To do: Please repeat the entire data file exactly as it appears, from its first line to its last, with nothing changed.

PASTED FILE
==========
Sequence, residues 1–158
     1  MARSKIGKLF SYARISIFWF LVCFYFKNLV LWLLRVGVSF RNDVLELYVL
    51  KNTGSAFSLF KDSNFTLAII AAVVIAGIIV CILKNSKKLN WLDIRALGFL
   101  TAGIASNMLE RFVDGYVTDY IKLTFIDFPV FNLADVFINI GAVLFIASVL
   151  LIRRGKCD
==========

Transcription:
Sequence, residues 1–158
     1  MARSKIGKLF SYARISIFWF LVCFYFKNLV LWLLRVGVSF RNDVLELYVL
    51  KNTGSAFSLF KDSNFTLAII AAVVIAGIIV CILKNSKKLN WLDIRALGFL
   101  TAGIASNMLE RFVDGYVTDY IKLTFIDFPV FNLADVFINI GAVLFIASVL
   151  LIRRGKCD